Here, at her most provacative and intensely personel, the renowned scholar, cultural critic, and feminist skewers our view of love as romance. In its place she offers a proactive new ethic for a people and a society bereft with lovelessness.
From the multi-million copy bestselling author of Thinking Fast and Slow Daniel Kahneman, the co-author of the million-copy bestseller Nudge Cass Sunstein, and the eminent professor and writer on strategic thinking Oliver Sibony, a new book about how to make better decisions.
We make thousands of decisions every day, from minute choices we don''t even know we''re making up to great, agonising deliberations. But when every decision we make is life-changing, the way we reach them matters. And for every decision, there is noise.
This book teaches us how to understand all the extraneous factors that impact and bias our decision-making - and how to combat them and improve our thinking. Filled with new science, fascinating case studies and revealing practical examples, the skills this book teaches can be readily used by private or public institutions, by schools, hospitals, businesses, judges and in our everyday lives.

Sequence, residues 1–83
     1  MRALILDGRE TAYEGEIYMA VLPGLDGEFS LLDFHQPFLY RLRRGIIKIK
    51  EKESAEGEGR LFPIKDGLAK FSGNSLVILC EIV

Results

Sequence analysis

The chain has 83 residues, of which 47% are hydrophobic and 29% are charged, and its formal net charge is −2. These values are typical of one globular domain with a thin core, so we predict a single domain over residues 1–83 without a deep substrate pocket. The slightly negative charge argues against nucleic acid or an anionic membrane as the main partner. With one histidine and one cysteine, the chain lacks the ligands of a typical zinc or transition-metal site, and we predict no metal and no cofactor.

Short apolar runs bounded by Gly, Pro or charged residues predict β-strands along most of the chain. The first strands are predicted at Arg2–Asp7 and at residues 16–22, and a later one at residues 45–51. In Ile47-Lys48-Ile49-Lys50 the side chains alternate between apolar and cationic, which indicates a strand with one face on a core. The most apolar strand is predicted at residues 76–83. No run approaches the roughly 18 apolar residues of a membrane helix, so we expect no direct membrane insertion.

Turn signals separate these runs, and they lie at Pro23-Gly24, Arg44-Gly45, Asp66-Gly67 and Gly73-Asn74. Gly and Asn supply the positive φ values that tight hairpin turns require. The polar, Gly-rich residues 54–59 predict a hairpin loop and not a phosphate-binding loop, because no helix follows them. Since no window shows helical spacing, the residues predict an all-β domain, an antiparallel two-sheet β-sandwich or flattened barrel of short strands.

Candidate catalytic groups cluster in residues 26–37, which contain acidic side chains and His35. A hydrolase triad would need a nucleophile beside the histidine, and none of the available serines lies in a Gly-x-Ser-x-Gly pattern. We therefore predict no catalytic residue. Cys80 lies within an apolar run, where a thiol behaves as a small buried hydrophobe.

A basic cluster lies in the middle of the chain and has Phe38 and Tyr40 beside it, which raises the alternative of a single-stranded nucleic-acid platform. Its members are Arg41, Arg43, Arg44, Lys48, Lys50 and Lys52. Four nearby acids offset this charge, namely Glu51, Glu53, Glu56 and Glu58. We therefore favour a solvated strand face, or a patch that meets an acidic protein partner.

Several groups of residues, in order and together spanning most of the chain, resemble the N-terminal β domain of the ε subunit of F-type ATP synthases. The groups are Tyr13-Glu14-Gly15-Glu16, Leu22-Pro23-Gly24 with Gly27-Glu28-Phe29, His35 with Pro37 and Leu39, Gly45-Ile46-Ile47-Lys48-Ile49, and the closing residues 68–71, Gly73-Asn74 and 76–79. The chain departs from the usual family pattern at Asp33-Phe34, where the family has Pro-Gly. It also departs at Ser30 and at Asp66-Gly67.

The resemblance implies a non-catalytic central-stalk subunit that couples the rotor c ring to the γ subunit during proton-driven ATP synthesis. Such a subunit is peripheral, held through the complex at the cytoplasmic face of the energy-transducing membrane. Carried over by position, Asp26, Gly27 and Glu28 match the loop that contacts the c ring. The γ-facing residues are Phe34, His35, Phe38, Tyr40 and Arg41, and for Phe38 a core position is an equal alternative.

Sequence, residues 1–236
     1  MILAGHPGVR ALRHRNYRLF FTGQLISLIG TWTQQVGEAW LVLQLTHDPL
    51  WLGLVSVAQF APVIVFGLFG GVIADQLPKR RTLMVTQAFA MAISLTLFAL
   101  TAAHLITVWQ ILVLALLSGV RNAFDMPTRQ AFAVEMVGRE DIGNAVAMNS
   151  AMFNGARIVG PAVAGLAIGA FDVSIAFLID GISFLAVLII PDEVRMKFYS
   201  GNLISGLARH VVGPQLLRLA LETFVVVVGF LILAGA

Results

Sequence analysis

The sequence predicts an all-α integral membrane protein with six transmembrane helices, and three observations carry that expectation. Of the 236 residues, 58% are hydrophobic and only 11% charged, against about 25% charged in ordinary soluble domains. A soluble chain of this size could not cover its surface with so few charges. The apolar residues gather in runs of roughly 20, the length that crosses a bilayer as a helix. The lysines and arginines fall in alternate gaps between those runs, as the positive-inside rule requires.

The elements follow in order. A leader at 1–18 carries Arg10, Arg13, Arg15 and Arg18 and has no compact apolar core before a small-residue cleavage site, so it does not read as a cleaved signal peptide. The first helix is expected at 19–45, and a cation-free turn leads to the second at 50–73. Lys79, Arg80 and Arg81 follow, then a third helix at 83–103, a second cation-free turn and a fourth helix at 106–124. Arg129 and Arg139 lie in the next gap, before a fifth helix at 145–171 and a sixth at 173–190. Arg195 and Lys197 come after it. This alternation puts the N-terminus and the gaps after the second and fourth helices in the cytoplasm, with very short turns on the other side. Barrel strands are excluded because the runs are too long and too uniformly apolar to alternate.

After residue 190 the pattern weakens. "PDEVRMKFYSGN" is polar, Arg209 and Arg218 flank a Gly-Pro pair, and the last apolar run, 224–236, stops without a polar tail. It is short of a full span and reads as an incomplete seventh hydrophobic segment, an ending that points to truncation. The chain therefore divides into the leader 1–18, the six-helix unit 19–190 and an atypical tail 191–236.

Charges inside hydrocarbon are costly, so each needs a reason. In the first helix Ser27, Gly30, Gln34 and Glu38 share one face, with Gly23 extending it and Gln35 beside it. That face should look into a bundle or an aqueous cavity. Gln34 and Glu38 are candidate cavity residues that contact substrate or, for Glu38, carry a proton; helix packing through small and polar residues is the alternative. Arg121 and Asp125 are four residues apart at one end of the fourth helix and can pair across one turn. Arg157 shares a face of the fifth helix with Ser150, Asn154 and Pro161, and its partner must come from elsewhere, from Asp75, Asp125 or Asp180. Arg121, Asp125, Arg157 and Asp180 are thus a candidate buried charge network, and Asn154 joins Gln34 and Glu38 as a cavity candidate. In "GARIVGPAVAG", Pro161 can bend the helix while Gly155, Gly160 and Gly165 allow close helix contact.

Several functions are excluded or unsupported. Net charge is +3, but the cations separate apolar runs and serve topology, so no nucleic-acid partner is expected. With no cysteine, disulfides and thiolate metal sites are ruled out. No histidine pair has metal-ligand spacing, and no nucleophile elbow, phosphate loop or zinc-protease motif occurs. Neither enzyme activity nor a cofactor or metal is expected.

For generations, our remote ancestors have been cast as primitive and childlike ? either free and equal innocents, or thuggish and warlike. Civilization, we are told, could be achieved only by sacrificing those original freedoms or, alternatively, by taming our baser instincts. David Graeber and David Wengrow show how such theories first emerged in the eighteenth century as a conservative reaction to powerful critiques of European society posed by Indigenous observers and intellectuals. Revisiting this encounter has startling implications for how we make sense of human history today, including the origins of farming, property, cities, democracy, slavery, and civilization itself.br>br>Drawing on pathbreaking research in archaeology and anthropology, the authors show how history becomes a far more interesting place once we learn to throw off our conceptual shackles and perceive what''s really there. If humans did not spend 95 percent of their evolutionary past in tiny bands of hunter-gatherers, what were they doing all that time? If agriculture, and cities, did not mean a plunge into hierarchy and domination, then what kinds of social and economic organization did they lead to? What was really happening during the periods that we usually describe as the emergence of "the state"? The answers are often unexpected, and suggest that the course of human history may be less set in stone, and more full of playful, hopeful possibilities, than we tend to assume.br>br>The Dawn of Everything fundamentally transforms our understanding of the human past and offers a path toward imagining new forms of freedom, new ways of organizing society. This is a monumental book of formidable intellectual range, animated by curiosity, moral vision, and a faith in the power of direct action.>